When will we see a bottom for oil?
Although I’ve been asked this question on a daily basis, my answer has remained the same. There’s a very good chance that we’re seeing the bottom right now. Will it dip below $100 per barrel over the next few weeks? Possibly. However, I wouldn’t bet on prices staying low for much longer.
If your email inbox is anything like mine, then you’ve received a barrage of emails screaming that oil prices are headed back to $60 a barrel. But I can’t fathom how that is even possible. While Oil has fallen over 28% from a July record of $147 a barrel, don’t forget that prices are more than 44% higher than a year ago. Back then we were paying a mere $73.98 a barrel.
So why exactly are we expecting oil to stay above the $100/bbl mark?
In the short run, we have Hurricane Ike making cutting its way through Cuba. If the storm remains on its current path toward the Gulf of Mexico, we can expect Ike to re-gain strength as it moves back over water.
Even if Ike turns out as lackluster as Gustav, the threat of a hurricane battering the Gulf of Mexico ensures that production will remain shut-in. Let’s take a closer look at the impact of these two storms… then get into how oil-rich countries are even more aggressively protecting their oil wealth…
Hurricanes’ Impact on Oil
According to the Minerals Management Service update, 202 oil platforms and 10 rigs have been evacuated so far. That comes out to a little over one million barrels per day of production that is shut-in, or about 79.8% of Gulf oil production. Furthermore, approximately 70% of Gulf natural gas production is also shut-in.
On top of the approaching storm, we can also toss OPEC into the mix. Although the chances of OPEC cutting production at tomorrow’s meeting in Vienna are slim, that doesn’t mean they won’t trim production in the future.
OPEC has made it clear they’re willing to defend $100/bbl oil. I remember last year when OPEC said they were "comfortable" with oil at $60 a barrel.
Unfortunately, we’ve already run out of $60/bbl oil.
Let’s face it, the cheap oil we’ve enjoyed in the past is gone.
The reason is simple enough. Producers need to drill further and deeper than ever before. Take U.S. Production, for example. Right now, there’s over 2,000 rotary rigs operating in the U.S. We haven’t had this many rigs operating since 1985. Despite having a record amount of rigs, we’re producing nearly 4 million barrels per day less. That means our production has declined over 43%!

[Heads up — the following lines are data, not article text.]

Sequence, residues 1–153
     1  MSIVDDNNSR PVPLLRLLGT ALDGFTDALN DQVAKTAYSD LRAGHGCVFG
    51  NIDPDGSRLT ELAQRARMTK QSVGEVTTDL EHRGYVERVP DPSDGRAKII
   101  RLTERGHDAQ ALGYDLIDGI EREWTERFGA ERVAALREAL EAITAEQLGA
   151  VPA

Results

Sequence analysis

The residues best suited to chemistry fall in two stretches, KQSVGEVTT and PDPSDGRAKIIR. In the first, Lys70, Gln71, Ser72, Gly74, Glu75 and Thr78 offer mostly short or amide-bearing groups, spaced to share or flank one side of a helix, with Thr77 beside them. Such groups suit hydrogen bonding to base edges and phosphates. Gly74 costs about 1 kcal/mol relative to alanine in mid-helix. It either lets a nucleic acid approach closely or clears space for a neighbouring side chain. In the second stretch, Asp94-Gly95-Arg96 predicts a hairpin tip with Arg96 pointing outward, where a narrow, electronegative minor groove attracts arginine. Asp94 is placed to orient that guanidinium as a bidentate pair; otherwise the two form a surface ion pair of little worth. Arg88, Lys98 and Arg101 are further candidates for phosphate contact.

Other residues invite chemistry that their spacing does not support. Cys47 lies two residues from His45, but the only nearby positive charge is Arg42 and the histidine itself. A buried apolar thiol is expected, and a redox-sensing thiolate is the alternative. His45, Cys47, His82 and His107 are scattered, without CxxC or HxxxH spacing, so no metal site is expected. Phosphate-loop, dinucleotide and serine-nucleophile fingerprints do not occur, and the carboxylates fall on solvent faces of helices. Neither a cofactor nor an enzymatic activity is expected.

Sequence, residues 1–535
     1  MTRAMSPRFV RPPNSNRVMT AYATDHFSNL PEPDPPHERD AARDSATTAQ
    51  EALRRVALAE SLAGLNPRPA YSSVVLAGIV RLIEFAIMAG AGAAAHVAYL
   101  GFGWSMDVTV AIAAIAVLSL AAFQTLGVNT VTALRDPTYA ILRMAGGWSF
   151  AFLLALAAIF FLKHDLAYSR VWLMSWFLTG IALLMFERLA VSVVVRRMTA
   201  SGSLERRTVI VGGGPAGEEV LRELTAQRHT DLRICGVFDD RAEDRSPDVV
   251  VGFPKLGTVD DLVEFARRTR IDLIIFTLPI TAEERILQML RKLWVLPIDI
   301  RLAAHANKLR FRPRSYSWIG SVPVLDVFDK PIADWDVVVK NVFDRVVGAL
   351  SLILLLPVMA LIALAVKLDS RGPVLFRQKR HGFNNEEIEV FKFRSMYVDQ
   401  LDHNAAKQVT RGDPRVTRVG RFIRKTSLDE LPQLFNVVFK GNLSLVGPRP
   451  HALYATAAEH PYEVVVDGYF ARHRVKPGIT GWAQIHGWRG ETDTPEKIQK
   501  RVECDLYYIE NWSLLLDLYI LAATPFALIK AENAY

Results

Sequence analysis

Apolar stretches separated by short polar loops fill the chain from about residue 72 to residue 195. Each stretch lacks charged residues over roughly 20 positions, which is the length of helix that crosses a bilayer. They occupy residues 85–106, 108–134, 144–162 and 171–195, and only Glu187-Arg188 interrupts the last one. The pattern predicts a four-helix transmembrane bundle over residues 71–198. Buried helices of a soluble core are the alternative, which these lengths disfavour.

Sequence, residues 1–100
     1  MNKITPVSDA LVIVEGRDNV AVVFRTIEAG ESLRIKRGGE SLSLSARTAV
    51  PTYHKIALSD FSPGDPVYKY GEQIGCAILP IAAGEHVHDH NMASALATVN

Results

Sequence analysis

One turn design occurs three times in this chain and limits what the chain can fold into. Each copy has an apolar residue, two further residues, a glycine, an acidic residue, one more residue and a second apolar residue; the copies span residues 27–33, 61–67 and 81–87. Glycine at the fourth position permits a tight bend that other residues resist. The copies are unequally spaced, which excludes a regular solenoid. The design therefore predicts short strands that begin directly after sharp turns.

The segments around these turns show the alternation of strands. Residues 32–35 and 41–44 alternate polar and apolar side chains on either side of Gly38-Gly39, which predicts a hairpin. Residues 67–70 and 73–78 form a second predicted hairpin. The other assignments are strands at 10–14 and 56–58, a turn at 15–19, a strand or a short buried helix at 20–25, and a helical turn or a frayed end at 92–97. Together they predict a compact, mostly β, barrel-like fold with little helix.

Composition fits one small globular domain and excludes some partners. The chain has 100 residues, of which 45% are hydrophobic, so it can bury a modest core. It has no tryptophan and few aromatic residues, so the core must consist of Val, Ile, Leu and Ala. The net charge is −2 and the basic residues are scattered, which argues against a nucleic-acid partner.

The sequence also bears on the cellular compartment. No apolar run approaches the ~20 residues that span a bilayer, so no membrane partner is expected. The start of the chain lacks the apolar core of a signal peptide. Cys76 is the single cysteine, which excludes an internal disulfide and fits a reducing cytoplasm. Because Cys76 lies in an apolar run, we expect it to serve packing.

And don’t think for a second that this is strictly a U.S. Problem, either.
Even taking the conservative annual decline rate of 4.5% (some believe the rate is as high as 8%), the world needs to come up with almost 4 million barrels per day of new production every year. Now that production is declining at some of the world’s largest oil fields (namely Ghawar, Burgan and Cantarell), producers must constantly look more to unconventional reserves.
Again, cheap oil’s days are numbered.
How Countries Are Guarding Their Oil Wealth
Within the last few years, countries having been taking control of their oil reserves. And in order to secure a larger amount of their oil revenues, time and again countries have gone to great extent to tighten that grip.
I’m certain most of you remember when Russia pushed Shell out of their controlling stake in the Sakhalin Island. Of course, we can’t forget when Chavez wrested control of Venezuela’s oil projects back in 2007.
After the recent discovery of the Tupi field off the coast of Brazil, the government appears to be looking forward to those revenues. In order to get a larger piece of the revenue pie, Brazil’s government will obviously make a move and grab more shares in the state-controlled company.
If you really want an idea of how serious these countries are to protect their oil wealth just look at the latest deal inked between Iraq and China.
I’ll admit this deal first caught my attention a few days ago. The fact that it was sitting in my junk folder should have given me a reason not to read it. However, after pouring over the facts (many of which were completely wrong) I realized how far off the mark it had been.
Last week, the Iraqi government approved a contract between Iraq’s state-owned oil company and the Chinese National Petroleum Company (CNPC). The deal was to let the Chinese develop the Ahdab oil field. The deal was originally signed back in 1997.
The real blow came when Iraq renegotiated the terms from a production sharing agreement to a set-fee service deal. Now, the CNPC will only get approximately $6 per barrel produced. The fee is cut in half once production hits its target of 115,000 barrels per day. No matter how high oil prices move in the future, the CNPC’s profits are set in stone.
The reason is simple enough. Over the next few years, oil markets will continue to tighten, and you can bet these countries will protect their oil wealth at all costs, right down to the last drop.
Until next time,
P.S. Despite the fact that certain countries are tightening their grip on future oil revenue, I know for a fact that my readers have been securing their own oil wealth right here in the U.S. It wouldn’t be fair if I didn’t at least give my newer readers the chance to join them, so feel free to check out The $20 Trillion Report.